My purpose is to connect a MacBook Pro to an HDMI/DisplayPort monitor and maintain 4K resolution with 60Hz. But since MacBooks still lack support for HDMI2 and Thunderbolt cabels are expensive, I would like to ask the following:

Can I use a normal DisplayPort cable to connect from MacBook Pro's Thunderbolt port to a DisplayPort monitor and maintain 4K resolution 60Hz?

  • 1
    You should probably specify exactly which MacBook Pro you're talking about. Also, I'm not sure if this will matter, but when you say "4k", you might want to specify whether you're looking for "UltraHD" (3840x2160) or "4k digital cinema" (4096x2160). – Spiff Jun 11 '15 at 19:36
  • I'm talking about Apple MacBook Pro 13" Retina 256 Gt SSD (Early 2015 model, MF840KS/A). I'm looking for both Ultra HD and 4K. – Jarzka Jun 12 '15 at 4:15

Yes, it should work fine for display capabilities.



If you're buying or have a ThunderBolt display, you should really have a ThunderBolt cable.

Thunderbolt mostly just adds PCI Express capabilities on top of what DisplayPort can do. 4096 × 2160 × 24 bpp @ 60 Hz is still within the capabilities of DisplayPort. Unless you need to do stereoscopic images at 60hz, you should be fine. Most commercially available "4k" monitors, fall under the 3840 x 2160 resolution anyways.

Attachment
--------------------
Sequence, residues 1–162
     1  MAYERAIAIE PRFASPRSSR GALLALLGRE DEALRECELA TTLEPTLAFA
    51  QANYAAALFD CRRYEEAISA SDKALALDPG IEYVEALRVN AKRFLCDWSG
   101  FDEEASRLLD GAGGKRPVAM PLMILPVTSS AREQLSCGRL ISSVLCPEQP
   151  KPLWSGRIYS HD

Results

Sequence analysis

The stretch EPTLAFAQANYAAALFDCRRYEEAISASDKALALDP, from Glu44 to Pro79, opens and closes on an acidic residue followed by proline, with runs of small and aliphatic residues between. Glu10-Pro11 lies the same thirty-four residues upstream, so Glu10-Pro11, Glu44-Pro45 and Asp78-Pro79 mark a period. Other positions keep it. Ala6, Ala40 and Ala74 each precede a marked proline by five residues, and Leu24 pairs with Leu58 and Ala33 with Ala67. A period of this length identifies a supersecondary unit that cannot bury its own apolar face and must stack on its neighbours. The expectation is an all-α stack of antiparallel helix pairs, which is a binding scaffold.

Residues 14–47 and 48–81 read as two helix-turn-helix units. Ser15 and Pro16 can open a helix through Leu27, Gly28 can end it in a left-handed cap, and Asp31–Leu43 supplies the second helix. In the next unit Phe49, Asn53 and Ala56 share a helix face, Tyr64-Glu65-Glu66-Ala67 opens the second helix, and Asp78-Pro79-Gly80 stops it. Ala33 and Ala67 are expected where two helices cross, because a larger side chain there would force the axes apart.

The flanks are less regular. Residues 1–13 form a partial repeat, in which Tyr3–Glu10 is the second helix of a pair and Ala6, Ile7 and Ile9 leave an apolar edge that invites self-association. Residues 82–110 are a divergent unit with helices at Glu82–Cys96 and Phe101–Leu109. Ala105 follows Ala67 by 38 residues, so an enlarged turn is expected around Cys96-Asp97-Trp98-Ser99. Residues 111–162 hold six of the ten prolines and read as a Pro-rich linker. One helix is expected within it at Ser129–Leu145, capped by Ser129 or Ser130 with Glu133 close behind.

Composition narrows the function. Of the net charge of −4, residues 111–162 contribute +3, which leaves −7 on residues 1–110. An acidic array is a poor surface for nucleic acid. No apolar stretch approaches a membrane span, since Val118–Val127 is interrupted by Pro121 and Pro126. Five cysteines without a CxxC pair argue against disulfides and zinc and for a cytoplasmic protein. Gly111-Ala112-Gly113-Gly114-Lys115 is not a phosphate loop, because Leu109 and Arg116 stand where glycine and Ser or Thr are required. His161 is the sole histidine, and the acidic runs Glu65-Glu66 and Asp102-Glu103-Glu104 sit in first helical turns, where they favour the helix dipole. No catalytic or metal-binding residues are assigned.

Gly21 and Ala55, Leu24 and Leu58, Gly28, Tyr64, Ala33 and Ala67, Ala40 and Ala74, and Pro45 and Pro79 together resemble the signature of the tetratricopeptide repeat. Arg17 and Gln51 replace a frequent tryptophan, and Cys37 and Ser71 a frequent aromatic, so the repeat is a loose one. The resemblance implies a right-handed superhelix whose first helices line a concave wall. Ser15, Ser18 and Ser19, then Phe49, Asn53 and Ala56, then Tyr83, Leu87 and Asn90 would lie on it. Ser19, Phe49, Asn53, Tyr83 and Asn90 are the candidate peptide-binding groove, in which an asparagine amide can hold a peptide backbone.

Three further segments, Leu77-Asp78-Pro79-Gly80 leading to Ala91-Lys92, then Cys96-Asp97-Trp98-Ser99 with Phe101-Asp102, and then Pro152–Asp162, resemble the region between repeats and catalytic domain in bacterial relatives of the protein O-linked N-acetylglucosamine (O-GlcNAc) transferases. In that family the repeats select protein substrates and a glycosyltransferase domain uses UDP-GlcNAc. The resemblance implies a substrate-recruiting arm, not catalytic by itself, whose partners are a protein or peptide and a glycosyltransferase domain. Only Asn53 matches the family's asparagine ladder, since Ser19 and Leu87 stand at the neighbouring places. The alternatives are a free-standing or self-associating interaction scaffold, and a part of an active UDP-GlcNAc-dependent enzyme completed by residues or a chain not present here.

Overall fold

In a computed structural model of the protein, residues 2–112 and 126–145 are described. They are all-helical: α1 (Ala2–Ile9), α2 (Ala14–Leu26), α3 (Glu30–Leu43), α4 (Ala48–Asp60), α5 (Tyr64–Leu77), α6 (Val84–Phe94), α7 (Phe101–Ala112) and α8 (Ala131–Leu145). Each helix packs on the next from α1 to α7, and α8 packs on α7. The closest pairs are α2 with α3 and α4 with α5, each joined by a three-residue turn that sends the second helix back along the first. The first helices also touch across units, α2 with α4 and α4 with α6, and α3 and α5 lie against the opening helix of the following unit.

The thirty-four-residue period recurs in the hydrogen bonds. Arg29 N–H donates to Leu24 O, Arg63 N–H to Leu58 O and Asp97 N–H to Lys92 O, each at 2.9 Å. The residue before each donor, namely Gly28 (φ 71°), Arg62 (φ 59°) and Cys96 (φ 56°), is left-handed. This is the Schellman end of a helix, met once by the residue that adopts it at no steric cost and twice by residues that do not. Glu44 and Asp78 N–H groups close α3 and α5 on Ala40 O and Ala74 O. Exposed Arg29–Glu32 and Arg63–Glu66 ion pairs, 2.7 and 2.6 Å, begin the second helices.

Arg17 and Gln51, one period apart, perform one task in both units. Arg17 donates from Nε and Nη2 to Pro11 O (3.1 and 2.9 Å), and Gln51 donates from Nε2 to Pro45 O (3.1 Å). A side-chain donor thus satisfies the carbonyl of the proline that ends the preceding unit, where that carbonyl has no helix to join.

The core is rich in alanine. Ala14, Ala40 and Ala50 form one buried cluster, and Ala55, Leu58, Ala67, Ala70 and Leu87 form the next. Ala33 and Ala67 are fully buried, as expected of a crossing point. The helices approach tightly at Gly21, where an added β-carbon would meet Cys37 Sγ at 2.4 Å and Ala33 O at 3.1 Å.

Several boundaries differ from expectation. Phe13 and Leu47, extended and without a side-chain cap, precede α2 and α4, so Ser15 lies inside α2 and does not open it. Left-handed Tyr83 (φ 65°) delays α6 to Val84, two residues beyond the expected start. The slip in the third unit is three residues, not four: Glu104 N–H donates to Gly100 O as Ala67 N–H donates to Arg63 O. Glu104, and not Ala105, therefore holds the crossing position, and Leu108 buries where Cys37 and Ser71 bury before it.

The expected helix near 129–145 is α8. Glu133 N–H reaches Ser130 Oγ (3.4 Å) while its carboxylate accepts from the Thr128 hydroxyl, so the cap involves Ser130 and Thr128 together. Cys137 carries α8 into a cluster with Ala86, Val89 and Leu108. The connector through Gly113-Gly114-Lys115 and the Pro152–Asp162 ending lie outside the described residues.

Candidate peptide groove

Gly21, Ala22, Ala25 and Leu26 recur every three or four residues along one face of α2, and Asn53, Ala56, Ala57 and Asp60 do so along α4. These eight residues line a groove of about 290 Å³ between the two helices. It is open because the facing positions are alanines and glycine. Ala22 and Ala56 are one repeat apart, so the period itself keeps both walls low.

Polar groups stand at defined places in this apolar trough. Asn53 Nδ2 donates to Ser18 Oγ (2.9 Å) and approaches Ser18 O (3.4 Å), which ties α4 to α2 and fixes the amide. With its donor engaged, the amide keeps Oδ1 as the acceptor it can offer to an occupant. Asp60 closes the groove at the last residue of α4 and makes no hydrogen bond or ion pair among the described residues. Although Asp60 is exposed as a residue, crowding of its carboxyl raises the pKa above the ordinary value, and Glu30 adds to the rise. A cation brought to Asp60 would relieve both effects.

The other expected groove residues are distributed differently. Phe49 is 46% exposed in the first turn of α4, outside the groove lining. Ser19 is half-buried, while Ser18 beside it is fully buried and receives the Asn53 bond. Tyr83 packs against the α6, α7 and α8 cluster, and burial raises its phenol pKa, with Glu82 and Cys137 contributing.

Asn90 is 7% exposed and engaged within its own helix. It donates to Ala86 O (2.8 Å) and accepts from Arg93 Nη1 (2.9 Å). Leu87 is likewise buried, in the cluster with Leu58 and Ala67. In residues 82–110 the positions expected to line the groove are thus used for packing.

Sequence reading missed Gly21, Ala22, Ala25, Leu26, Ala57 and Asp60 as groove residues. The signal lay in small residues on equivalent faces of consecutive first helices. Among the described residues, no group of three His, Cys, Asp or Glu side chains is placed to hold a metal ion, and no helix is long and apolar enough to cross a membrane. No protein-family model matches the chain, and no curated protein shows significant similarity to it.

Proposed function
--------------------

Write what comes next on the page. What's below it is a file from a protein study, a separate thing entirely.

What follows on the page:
• Are you sure his MBP can support those resolutions and frame rates via DP output instead of Thunderbolt video? – Spiff Jun 12 '15 at 8:11
  • There's no such thing as "thunderbolt video". Thunderbolt is displayport video with some PCIe lanes tacked on the side. – qasdfdsaq Jun 12 '15 at 14:53
  • @qasdfdsaq (BTW you have to @-reply to a fellow commenter for them to be notified of your reply.) I think there is such a thing as Thunderbolt video. For example, Apple's Thunderbolt display is not compatible with [mini-]DisplayPort. Only Thunderbolt-equipped Macs can display to it. Machines that only have DisplayPort cannot display on it. – Spiff Jun 16 '15 at 9:03
  • @Spiff: No offence but what you think is irrelevant. What arbitrary restrictions Apple choose to apply on their proprietary products to make people spend more money is irrelevant. The official specs published by the organisations who designed Thunderbolt explicitly state it uses DisplayPort, therefore it uses DisplayPort.. See here or here – qasdfdsaq Jun 16 '15 at 13:04
  • @qasdfdsaq Ah, those links clear some things up. They show TB is not "DP video with some PCIe lanes tacked on the side", TB is its own thing over which PCIe and DP messages can be tunneled. So when a legacy DP display is connected to a host's TB port, the host switches off the TB-ness of the port and puts it in DP compatibility mode (DP messages over the legacy DP physical layer). When a TB monitor is connected, DP messages are instead tunneled over the modern TB physical layer. Apple must not have wanted to burden their monitor with the extra cost of supporting the old DP physical layer. – Spiff Jun 16 '15 at 15:18

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